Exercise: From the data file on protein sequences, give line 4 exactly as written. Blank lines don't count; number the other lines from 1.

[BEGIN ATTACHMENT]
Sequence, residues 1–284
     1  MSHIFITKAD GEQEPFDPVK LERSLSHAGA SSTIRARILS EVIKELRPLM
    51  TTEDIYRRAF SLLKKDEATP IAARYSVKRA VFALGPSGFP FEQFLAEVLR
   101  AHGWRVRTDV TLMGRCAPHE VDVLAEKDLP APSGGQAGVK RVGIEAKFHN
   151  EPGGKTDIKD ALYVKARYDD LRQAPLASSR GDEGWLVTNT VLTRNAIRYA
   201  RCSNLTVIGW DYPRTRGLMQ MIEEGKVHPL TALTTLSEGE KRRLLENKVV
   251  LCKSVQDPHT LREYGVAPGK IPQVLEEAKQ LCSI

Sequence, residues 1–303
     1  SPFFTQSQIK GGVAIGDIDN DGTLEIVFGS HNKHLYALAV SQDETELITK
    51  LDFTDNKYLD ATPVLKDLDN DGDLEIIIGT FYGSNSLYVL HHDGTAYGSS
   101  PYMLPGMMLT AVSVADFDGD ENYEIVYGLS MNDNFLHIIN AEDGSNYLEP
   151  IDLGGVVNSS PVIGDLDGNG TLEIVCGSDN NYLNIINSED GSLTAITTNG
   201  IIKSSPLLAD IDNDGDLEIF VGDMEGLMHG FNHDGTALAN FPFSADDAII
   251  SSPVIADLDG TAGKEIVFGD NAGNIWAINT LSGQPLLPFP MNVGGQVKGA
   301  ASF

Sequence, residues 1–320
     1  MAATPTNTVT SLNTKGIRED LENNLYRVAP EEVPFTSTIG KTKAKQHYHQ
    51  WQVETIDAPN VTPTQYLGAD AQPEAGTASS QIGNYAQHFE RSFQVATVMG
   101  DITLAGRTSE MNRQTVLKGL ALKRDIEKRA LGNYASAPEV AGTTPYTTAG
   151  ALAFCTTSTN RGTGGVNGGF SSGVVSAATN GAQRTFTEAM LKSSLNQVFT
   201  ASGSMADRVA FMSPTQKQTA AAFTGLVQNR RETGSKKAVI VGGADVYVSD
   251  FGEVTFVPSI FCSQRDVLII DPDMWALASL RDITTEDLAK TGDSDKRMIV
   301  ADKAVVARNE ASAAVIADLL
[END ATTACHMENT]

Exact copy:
   101  AHGWRVRTDV TLMGRCAPHE VDVLAEKDLP APSGGQAGVK RVGIEAKFHN